The electronic module 10 is mounted on metal carrier 20 against a stop wall 22 which prevents the electronic module 10 from moving laterally in the direction of stop wall 22. The shear force is applied to the chip 16 by engaging the chip 16 with the spring loaded device 30 which then pulls the electronic module 10 against the stop wall 22. The spring loaded device 30 comprises a chip pusher block 34 attached to a steel block 32, a load transfer rod 35, biasing device 36, tension adjust knob 38, and screw 26. In an alternative embodiment of the present invention, biasing device 36 comprises a spring.
Spring loaded device 30 receives a shearing force from the resulting displacement force generated by restricting or collapsing spring 36. Spring 36 is restricted by metal carrier 20 and tension adjust knob 38. In an alternative embodiment, shearing force can be generated by any device capable of generating displacement force to said spring loaded device 30, including, but not limited to, a thermally activated force device and/or pressure devices, such as, but not limited to gas and/or fluid.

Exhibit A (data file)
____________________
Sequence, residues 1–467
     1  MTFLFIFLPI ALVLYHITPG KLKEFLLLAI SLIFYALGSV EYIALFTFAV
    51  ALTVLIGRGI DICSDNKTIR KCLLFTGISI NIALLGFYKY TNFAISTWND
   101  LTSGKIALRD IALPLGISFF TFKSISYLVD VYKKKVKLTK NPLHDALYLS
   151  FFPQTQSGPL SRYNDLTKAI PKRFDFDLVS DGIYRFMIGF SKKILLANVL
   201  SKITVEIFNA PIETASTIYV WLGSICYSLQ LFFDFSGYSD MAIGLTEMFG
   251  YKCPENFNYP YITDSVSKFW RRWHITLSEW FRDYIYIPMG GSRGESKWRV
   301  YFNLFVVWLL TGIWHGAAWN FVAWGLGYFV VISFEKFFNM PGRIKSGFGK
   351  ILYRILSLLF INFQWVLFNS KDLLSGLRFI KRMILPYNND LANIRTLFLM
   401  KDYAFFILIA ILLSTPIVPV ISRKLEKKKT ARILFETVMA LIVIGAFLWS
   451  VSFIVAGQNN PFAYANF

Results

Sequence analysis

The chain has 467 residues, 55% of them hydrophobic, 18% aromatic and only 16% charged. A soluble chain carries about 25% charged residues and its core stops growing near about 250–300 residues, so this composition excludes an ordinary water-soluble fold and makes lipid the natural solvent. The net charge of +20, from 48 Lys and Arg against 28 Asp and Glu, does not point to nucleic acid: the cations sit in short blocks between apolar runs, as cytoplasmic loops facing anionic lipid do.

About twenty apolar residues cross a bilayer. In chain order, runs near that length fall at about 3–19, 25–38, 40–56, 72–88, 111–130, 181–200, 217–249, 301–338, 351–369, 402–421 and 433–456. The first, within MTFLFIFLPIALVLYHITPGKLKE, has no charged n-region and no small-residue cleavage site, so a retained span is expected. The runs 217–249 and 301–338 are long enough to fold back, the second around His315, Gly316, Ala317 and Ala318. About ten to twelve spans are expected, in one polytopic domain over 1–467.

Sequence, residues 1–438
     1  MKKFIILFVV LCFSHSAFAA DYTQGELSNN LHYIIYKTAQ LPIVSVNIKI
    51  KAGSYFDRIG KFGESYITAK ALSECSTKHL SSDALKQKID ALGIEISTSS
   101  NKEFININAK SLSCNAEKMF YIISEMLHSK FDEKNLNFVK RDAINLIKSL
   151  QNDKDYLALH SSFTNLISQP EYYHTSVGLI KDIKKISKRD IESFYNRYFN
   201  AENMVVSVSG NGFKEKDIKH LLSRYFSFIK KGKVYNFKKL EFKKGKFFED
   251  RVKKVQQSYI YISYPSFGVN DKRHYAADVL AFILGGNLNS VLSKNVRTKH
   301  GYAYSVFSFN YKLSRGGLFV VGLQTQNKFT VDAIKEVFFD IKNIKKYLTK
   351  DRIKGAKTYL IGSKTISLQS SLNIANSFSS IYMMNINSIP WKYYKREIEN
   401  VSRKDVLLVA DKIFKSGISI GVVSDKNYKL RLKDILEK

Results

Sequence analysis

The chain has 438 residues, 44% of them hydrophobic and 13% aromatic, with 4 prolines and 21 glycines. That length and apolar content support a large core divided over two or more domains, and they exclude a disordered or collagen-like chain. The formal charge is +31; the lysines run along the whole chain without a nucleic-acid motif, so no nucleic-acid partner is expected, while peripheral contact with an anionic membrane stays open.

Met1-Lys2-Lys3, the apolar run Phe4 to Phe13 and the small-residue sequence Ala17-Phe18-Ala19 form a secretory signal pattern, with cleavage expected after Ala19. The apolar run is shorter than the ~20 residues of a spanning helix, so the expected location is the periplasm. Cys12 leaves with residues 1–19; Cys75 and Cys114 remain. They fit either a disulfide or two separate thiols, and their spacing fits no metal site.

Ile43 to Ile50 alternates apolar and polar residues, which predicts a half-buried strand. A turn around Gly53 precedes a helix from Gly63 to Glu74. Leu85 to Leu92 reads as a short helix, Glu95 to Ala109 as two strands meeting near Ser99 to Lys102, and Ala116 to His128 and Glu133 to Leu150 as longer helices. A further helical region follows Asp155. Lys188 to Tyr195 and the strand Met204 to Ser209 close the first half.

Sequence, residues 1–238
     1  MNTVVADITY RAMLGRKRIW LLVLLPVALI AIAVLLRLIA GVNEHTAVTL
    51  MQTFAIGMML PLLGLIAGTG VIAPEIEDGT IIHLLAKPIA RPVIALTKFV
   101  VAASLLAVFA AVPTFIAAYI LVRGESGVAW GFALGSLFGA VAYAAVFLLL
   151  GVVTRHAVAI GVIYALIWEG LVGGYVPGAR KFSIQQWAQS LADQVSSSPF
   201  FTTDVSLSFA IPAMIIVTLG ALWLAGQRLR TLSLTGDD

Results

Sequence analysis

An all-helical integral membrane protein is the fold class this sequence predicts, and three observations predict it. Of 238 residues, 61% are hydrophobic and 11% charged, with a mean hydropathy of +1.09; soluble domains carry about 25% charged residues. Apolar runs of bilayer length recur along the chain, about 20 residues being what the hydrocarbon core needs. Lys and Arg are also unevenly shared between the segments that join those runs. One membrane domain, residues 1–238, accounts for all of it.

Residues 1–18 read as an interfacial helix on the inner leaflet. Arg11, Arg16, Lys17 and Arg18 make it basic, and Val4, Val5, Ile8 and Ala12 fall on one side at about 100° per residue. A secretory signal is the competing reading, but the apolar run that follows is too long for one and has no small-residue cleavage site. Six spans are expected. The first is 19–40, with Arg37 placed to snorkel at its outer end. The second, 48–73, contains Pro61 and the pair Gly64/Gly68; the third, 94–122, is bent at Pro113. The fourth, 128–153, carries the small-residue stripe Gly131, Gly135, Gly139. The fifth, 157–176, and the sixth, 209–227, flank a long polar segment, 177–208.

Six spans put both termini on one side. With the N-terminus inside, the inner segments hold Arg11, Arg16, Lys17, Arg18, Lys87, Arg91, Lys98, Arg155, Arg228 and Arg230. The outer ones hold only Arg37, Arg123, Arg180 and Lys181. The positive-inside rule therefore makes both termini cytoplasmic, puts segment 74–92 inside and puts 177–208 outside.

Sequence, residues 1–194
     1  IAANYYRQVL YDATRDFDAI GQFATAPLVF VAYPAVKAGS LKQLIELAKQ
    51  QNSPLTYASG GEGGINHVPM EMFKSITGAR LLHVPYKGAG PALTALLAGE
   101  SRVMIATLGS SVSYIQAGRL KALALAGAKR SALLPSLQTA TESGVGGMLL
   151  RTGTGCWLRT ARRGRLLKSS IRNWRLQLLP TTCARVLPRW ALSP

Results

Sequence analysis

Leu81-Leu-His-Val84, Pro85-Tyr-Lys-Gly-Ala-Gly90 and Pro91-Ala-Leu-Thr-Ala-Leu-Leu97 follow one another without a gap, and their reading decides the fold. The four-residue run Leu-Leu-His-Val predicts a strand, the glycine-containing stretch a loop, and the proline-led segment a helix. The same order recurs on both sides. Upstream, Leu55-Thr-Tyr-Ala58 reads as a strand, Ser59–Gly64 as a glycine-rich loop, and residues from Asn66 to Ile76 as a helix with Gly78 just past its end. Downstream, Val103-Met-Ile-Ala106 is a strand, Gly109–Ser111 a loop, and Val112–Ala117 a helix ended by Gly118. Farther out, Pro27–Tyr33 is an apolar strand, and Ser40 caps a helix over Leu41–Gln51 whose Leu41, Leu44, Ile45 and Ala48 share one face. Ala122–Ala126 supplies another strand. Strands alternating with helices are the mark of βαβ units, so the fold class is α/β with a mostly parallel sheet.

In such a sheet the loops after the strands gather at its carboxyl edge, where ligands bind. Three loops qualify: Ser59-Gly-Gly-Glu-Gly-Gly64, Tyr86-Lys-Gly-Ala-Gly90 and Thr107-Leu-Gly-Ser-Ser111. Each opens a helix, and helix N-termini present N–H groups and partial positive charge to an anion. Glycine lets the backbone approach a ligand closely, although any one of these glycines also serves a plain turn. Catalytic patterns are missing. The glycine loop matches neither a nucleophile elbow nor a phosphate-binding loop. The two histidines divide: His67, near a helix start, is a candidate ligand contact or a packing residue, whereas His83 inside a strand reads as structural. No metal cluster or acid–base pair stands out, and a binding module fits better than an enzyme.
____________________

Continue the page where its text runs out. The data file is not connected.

In a preferred embodiment, screw 26 is not attached to metal carrier 20. The damper device 50 includes several elements, namely, a position adjust knob 52, damper position rod 54, damper reservoir 58, damper skate 56 and damper fluid 60. In a preferred embodiment, damper skate 56 is secured to steel block 32 with screw 26 or other equivalent securing means. The damper reservoir 58 position is fixed to the metal carrier 20 using the damper position rod 54. The damper device 50 position is fixed after mounting the electronic module 10 on the metal carrier 20 with the help of the position adjust knob 52. In an alternative embodiment of the present invention, the screw 26 is used to guide and/or limit the lateral and/or longitudal movement of steel block 32 and/or damper skate 56. In an alternative embodiment of the present invention, the metal carrier includes a guide that restricts the screw's lateral and/or longitudal movement.